Southeast Asia

Between Non-Interference and sovereignty as responsibility

Authored by: Alex J. Bellamy , Catherine Drummond


Print publication date:  June  2012
Online publication date:  June  2012

Print ISBN: 9780415600750
eBook ISBN: 9780203117637
Adobe ISBN: 9781136304873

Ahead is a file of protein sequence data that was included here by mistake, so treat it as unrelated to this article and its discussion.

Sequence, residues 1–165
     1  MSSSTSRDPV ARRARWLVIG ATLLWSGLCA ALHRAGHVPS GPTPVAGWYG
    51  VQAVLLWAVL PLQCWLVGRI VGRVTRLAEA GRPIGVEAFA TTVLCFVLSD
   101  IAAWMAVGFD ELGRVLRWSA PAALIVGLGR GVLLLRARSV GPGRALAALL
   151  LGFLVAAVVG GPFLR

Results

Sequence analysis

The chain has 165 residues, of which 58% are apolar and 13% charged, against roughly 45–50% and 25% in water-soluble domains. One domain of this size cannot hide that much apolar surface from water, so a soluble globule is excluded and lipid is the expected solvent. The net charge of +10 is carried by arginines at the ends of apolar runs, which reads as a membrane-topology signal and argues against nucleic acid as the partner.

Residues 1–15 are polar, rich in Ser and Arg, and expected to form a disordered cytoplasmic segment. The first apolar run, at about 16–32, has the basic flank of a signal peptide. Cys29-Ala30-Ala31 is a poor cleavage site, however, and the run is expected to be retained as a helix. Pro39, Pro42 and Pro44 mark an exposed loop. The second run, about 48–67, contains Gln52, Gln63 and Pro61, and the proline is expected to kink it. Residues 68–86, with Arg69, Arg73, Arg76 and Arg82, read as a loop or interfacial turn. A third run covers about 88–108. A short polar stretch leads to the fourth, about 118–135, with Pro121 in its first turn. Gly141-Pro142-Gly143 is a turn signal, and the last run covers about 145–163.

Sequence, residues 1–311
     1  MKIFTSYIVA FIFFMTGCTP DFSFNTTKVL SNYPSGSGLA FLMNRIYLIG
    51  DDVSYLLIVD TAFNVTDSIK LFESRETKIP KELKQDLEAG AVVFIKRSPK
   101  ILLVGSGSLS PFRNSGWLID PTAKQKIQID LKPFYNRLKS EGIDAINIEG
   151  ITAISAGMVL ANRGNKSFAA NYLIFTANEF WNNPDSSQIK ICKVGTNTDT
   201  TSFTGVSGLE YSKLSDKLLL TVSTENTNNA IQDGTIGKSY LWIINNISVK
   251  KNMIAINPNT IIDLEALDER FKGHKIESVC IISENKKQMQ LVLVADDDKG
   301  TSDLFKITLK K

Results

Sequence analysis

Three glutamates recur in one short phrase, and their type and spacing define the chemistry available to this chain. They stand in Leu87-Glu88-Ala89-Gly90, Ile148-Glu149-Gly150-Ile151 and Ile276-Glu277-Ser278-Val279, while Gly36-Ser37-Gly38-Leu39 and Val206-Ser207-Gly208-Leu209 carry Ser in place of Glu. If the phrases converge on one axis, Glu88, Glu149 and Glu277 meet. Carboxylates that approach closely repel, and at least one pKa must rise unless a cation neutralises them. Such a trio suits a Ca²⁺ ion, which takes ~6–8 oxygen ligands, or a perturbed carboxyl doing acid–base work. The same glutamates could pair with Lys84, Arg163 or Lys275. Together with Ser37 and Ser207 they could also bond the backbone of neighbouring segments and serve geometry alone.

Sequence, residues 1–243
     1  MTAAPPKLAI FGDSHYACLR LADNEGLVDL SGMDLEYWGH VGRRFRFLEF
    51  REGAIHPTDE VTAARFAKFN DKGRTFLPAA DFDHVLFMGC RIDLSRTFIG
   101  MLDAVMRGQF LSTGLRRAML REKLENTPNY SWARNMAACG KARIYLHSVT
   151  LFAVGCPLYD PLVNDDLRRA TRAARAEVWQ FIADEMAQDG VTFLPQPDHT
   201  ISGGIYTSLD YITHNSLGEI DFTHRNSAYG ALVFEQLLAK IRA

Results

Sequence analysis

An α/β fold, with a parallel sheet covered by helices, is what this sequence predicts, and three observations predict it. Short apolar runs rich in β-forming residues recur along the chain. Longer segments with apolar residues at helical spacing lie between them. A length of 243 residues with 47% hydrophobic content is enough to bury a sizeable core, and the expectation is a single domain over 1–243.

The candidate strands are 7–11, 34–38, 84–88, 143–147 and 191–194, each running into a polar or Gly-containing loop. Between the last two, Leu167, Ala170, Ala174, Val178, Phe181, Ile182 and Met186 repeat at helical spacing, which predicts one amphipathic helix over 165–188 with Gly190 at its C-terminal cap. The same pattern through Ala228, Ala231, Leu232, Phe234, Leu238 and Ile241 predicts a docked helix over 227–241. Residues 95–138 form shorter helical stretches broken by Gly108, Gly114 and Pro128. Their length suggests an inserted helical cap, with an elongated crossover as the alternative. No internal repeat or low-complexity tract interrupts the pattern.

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The Association of Southeast Asian Nations (ASEAN) has traditionally adhered to a strict principle of non-interference, but since the mid-1990s the principle has come under challenge from a variety of sources. One of the principal challenges has developed from the global normative shift away from the traditional understanding of state sovereignty as guaranteeing rights of non-interference towards acceptance of sovereignty as responsibility, the underlying premise of the responsibility to protect (R2P). As unanimously agreed by the UN General Assembly in 2005, R2P comprises each state’s responsibility to protect its own populations from genocide, war crimes, ethnic cleansing and crimes against humanity, the international community’s duty to assist states in this endeavour, and a responsibility for the international community to take timely and decisive action in situations where the host state has manifestly failed in its R2P. At first glance, the latter two elements of this principle seem to require behaviour that contradicts the principle of noninterference. This raises questions as to why R2P was endorsed by Southeast Asian governments and whether it can be ‘localised’ (Acharya 2009) in a region whose politics are underpinned by non-interference. There are three potential answers to this question. First, it could be argued that the region has rejected R2P in favour of non-interference but that it has tried to legitimise this rejection by simply ‘mimicking’ (Johnstone 2007) support for the norm. Second, it might be concluded that the region has jettisoned non-interference in favour of R2P. Third, it could be argued that processes of norm localisation are producing an accommodation between the two principles. This accommodation involves the formal retention of both principles but the subtle realignment of each in order to make them compatible and make support for both coherent. It is this third explanation, we argue, that best explains the relationship between R2P and noninterference in Southeast Asia. As other contributors to this handbook point out, R2P has been revised to limit its capacity to legitimise coercive interference, whilst non-interference is in the process of being recalibrated to permit expressions of concern, offers of assistance and even the application of limited diplomatic pressure in response to major humanitarian crises. Thus, whilst the region remains largely hostile to doctrinal revisions to non-interference, subtle changes are evident in practice.

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